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Comparing Kitchen Countertop Material Options

There are several considerations that a homeowner must entertain before they decide on a particular surface material for their new kitchen countertop. This surface may become the showpiece component of the new kitchen as well as being the most highly used surface in the home. Given the demands and popularity of the kitchen space, the countertop material is likely to become the most critical and difficult decision that a homeowner has to make with regards to their kitchen project. Let’s review some of the variables that need to be considered with the more popular and dominant countertop materials used in today’s kitchens: granite, quartz, marble/limestone/soapstone, solid surface, laminate, and concrete.

The Budget Variable

Generally speaking, the kitchen budget should allocate about one third (33%) of the total budget toward the cost associated with the countertop; and, more often than not, that figure can easily rise to roughly 40% of the gross budget, or more, if the homeowner builds the kitchen around the passionate desire for a particular countertop material. Obviously, a homeowner wants the best long-term value; and this is achieved by balancing the associated variables against the cost (per square foot) of the countertop material. One must also consider the transfer of value with respects to this countertop material being attractive to a new, prospective buyer of the home when it’s time to sell.

Among the most prevalent countertop materials used today, laminate surfaces are the least expensive option; and are attractive, serviceable, but tend not to score high in the transfer of value department. Following laminate, solid-surface materials become a logical bridge from laminate to stone and granite, (yet often overlapping the cost with some natural stones)l, looking and performing well while retaining most of their value in the transfer of value consideration. Beyond solid surface materials, the costs of the remainder of the group range, equal to or up to five times the cost, depending upon the rarity of the natural stone or the details and features added to the individual project. Suffice it to say that these surfaces constitute a considerable investment, so make sure you balance all your variables before making that final decision.

The ‘How I Live’ Variable

While most folks are, or can easily be swayed into, recognizing their budgetary issues with regards to a countertop material, these same folks are hesitant to examine their day-to-day living style and how it may influence their countertop decision. If you think about the child who gleefully asks, “Daddy, can we get a puppy–I promise to take care of him?”, then you’ll understand the point that’s being made here. Sometimes a desire for a particular material is not enough; and neither is the fact that you can afford it. Each countertop material has its inherent strengths, weaknesses and maintenance regimens. If the weaknesses and maintenance issues conflict with a household’s normal operations and challenges, then consider an alternate choice in material because it’s a lofty expectation (as with the puppy scenario) that a household will modify its normal behaviors just to accommodate the requirements of the new kitchen counter. So, do your homework on the shortcomings of each countertop material and be extremely honest in examining your normal living patterns before you settle on any material.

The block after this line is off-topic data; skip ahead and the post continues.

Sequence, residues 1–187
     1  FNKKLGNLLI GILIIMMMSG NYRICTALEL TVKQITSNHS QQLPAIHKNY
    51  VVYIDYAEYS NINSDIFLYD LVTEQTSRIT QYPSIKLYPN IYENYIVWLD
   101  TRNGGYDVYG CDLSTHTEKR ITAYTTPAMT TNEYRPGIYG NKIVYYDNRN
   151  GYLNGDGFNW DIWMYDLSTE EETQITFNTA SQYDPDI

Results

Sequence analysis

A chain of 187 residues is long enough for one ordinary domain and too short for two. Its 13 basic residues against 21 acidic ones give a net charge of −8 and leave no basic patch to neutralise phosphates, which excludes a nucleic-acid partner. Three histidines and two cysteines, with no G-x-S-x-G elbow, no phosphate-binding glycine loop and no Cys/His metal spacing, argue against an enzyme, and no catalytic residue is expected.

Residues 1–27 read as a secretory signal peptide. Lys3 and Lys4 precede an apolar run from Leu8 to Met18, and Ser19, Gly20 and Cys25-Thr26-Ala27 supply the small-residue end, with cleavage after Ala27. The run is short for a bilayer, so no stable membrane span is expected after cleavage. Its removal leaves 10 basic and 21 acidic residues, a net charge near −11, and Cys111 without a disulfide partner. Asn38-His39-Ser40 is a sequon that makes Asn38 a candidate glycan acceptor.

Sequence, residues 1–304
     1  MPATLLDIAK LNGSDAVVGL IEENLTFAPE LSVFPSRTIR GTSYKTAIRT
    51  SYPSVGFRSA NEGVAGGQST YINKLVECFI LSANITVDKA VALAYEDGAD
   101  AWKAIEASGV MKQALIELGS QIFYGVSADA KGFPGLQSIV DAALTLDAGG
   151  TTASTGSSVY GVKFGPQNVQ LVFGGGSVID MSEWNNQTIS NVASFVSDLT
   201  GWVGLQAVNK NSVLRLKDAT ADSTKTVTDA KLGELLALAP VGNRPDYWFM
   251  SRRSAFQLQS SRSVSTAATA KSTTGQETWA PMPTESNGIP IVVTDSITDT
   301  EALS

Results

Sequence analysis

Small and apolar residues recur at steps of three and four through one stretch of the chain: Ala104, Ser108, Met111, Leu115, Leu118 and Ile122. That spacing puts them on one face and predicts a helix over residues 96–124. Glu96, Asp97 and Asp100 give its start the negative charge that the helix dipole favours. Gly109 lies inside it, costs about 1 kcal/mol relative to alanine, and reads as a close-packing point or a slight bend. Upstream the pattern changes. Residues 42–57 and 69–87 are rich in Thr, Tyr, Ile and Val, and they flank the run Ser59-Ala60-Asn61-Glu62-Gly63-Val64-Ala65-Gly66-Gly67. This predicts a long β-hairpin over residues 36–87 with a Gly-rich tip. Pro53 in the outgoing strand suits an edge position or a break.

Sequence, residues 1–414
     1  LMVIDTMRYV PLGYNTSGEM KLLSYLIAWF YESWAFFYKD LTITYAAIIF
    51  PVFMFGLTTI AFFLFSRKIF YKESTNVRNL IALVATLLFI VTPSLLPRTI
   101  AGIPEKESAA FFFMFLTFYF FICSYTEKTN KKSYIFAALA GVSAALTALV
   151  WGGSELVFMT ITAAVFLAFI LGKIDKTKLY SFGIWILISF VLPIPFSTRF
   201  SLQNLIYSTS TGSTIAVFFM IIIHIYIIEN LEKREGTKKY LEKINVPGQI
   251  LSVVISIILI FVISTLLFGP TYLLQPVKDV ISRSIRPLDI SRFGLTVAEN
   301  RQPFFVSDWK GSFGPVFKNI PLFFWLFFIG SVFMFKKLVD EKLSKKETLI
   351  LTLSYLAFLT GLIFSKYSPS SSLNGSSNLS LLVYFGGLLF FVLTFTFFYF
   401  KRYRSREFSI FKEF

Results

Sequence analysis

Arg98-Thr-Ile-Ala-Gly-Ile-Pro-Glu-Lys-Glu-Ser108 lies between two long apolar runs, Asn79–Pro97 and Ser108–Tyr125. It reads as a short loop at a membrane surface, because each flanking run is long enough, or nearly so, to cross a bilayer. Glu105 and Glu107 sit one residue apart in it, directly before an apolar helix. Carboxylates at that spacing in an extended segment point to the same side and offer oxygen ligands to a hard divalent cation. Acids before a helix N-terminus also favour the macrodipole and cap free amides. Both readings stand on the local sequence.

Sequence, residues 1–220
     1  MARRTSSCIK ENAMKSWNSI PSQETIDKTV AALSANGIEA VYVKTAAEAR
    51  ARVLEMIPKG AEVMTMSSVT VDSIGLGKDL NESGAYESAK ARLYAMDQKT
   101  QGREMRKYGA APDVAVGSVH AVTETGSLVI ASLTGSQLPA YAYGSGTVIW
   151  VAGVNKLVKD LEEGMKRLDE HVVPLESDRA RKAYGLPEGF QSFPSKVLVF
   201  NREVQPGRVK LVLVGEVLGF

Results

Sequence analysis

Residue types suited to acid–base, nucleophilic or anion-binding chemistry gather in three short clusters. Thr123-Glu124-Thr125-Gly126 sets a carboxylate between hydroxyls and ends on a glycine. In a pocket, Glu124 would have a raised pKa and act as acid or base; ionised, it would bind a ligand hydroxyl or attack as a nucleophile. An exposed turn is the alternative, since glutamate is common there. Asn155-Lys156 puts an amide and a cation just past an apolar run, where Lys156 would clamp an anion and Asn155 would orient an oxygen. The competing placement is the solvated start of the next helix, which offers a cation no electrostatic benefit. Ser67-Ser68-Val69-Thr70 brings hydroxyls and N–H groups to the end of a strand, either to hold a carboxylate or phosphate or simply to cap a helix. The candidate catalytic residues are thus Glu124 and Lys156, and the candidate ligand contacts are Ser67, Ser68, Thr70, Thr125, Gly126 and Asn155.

The Aesthetic Variable

Inasmuch as this variable is foremost on any countertop shopper’s mind, it doesn’t warrant a great deal of attention here. Everyone wants their new countertop to look good, perform beyond their expectations, and be the talking point of visiting friends and family. Such measures are a realistic goal and are achievable given the broad range of choices before you. You will find in laminate options, for example, that any conceivable coloration, texture, or pattern will be available to you. These options may emulate natural stone, tile or even a confetti look that will command attention in your eclectic kitchen. The smooth and flawless appeal of solid surface counters may provide the clarity and clean look you desire. Concrete is known for its design flexibility and can be worked to replicate a mass of stone, block of wood, or simply be an artist’s expression that ties everything together in your kitchen. Granite and quartz can render a stately look to a space that needs that bit of elegance, while never sacrificing the reality of the need of a durable, forgiving surface. Ceramic tile affords a sense of modularity whereby a variation of colors and textures can be utilized concurrently in order to balance-out the kitchen theme. Matte-polished limestone and soapstone constitute timeless looks of antiquity and function with a warming patina of naturally embellished stone luster. It’s a good idea to explore a number of different surfaces when putting your kitchen plans together; and you may discover that the countertop you initially intended to pursue just doesn’t have the overall aesthetic ‘pop’ that you were looking for in your new kitchen.


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